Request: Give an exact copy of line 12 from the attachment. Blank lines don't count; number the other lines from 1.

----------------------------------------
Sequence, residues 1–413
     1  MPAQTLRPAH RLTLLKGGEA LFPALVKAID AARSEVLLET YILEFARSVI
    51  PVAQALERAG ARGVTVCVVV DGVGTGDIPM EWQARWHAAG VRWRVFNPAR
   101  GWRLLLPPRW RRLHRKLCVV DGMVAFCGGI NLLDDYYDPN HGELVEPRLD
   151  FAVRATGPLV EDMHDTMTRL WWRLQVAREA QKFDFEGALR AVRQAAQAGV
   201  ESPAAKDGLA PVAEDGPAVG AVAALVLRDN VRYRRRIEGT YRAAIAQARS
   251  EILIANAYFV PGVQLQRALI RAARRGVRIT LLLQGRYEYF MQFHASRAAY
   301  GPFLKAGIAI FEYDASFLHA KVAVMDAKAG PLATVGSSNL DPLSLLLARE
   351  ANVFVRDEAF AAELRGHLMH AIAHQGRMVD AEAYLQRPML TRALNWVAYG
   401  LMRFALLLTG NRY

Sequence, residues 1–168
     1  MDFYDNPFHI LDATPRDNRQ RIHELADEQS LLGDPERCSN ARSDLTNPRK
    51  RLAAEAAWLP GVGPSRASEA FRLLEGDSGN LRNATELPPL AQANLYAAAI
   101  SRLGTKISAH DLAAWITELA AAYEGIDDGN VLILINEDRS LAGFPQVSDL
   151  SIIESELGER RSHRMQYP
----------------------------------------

     1  MDFYDNPFHI LDATPRDNRQ RIHELADEQS LLGDPERCSN ARSDLTNPRK